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In this exercise, I'm going show you how to create text on a path, which is text that follows the contours of a line or shape. Now, this could be a terribly complicated line or shape if you want it to be, but shapes with corners don't work very well where type on a path is concerned, because after all, as soon as that type hits the corner, it has to pucker, or it has to break outward. If it puckers, the letters start overlapping each other, and if it breaks outward, then the words break apart. So what you want is nice smooth contours, nice smooth outlines. We're going to work with the smoothest of all possible smoothies, and that's a circle.
Now, we're going to be working inside of this document right here, its called Space radio.psd, and it features this microphone I should say from the Photo Spin Image Library, but otherwise it's all artwork created by yours truly. It's beautiful as well, don't you think? Well, it's going to get better looking, believe me. Now, when you create text on a path inside of Photoshop; and I'm going to zoom in here so that we have a bigger image in our faces and sort of scroll down, when you're creating text on a path inside of Photoshop and the other Adobe applications traditionally, you don't take some tags that you've already created and adhere it to a path, the way you do in some other programs, instead, you create the path outline, you Click on it with the Type tool, and then you start typing away.
Now, you don't have to write down those steps, because I'm going to be showing them to you. That's the way it works. So we're going to start things off by creating a path outline, that's what we'll do in this exercise. Next exercise, we'll create to manipulate the text on that path outline and then we'll do some more stuff as you'll see. All right. So anyway, I want you to draw a circle, and I want you to draw it using the Ellipse tool, which is one of the Shape tools inside of Photoshop. So go down here to whomever is the default occupant of the Shape tool slot, right under the Arrow tool, and above the Hand tool, assuming of course you have a single column toolbox.
Now, the default occupant of this tool slot is the Rectangle tool, so that might be the one you see. But I want you to Click and hold and select the Ellipse tool from the fly-out menu. You could just start dragging inside of this photo illustration here, but I want you to get the exact same results as I'm getting. So I've created some guides in advance for you. To see those guides, go to the View menu, choose Show, and then choose Guides, or you can press Ctrl+;, Command+; on the Mac, and you will see the Guides. Then I want you to drag from corner to opposite corner.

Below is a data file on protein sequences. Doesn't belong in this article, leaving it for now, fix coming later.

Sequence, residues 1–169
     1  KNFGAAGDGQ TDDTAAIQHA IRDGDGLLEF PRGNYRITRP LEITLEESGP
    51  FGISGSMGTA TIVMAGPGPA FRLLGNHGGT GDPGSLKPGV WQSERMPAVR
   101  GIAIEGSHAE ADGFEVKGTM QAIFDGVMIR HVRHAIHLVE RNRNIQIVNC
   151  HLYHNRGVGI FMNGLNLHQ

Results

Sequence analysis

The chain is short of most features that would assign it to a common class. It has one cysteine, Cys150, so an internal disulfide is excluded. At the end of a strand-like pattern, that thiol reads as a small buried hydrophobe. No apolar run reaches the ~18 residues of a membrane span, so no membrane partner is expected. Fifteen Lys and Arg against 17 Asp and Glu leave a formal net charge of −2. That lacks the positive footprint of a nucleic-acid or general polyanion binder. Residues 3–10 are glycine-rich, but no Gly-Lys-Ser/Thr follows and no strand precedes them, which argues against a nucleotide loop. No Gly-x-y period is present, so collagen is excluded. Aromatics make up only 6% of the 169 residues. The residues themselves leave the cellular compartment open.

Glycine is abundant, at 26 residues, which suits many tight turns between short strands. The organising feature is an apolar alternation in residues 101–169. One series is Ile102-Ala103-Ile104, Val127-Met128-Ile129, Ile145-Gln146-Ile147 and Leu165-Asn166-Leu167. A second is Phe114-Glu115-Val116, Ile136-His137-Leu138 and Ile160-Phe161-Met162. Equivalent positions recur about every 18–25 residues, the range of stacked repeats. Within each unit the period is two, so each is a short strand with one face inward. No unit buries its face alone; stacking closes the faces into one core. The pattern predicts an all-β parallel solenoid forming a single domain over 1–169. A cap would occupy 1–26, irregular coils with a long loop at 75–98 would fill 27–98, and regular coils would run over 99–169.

Now, before you do that though, let me show you the mistake we might make. If you were to just start dragging, like so, corner to opposite corner; and I'm left handed, I typically go from left to right, you might go the other direction if you're right handed. Notice that I create this new layer here inside the Layers palette. That's not what we want, but just so you know what we've got here, we've got a vector- based mask that is clipping the contents of this dynamic black fill layer. We're going to learn all about that crazy stuff when we take a look at vector-based shapes in a later chapter. But right now, what you need to know is that's not what we want. So press Ctrl+Z, Command+Z on a Mac to undo that modification.
The easiest thing to do is just to go up to the Options bar and Click on this guy right here. Notice this dude that's next to this dude; this icon right there results in path outlines, and that's what we want, so go ahead and Click on it. Then I want you to drag from one corner to the other corner, and when I say corner, I mean guide intersection to the opposite guide intersection, like so, and then release. Now, if you were just drawing free form, you would have to press and hold the Shift key in order to get a circle, but I have already set things up so this is an exactly circular area here. So we create a circle inside of it. So in other words, you don't have to press Shift, but just drag from corner to opposite corner, and you will get this nice path outline. That's not a printing element at all. It's just a mathematical construct onto which we will adhere our text, as you will see.
I want to get rid of my Guides now because they're in my face. So I'll press Ctrl+; or Command+; again in order to hide those Guides. We need to save our path. Where is the path? It's over here in the Paths palette. So if you don't see that Paths, the word Paths over here, that you can just Click on, then you would need to go up to the Window menu and choose the Paths command, it's another way to get to it. To save this path so that won't happen in the future, Double-Click on it, and then notice that brings up the Save Path dialog box, go ahead and name your Path, something very clever, like Circle, and Click OK.
Now, if you Click off the path and you draw a heart, you've got your heart and you've got your circle, you've got everything now, and then you would Double Click on it and save it if you wanted it, but you don't, so press Ctrl+Z or Command+Z on a Mac, if you're doing the same thing I'm doing. Then Click on circle to make it active and then, my friends, join me in the next exercise when we create some text on this circle. Exciting stuff. Stay tuned.
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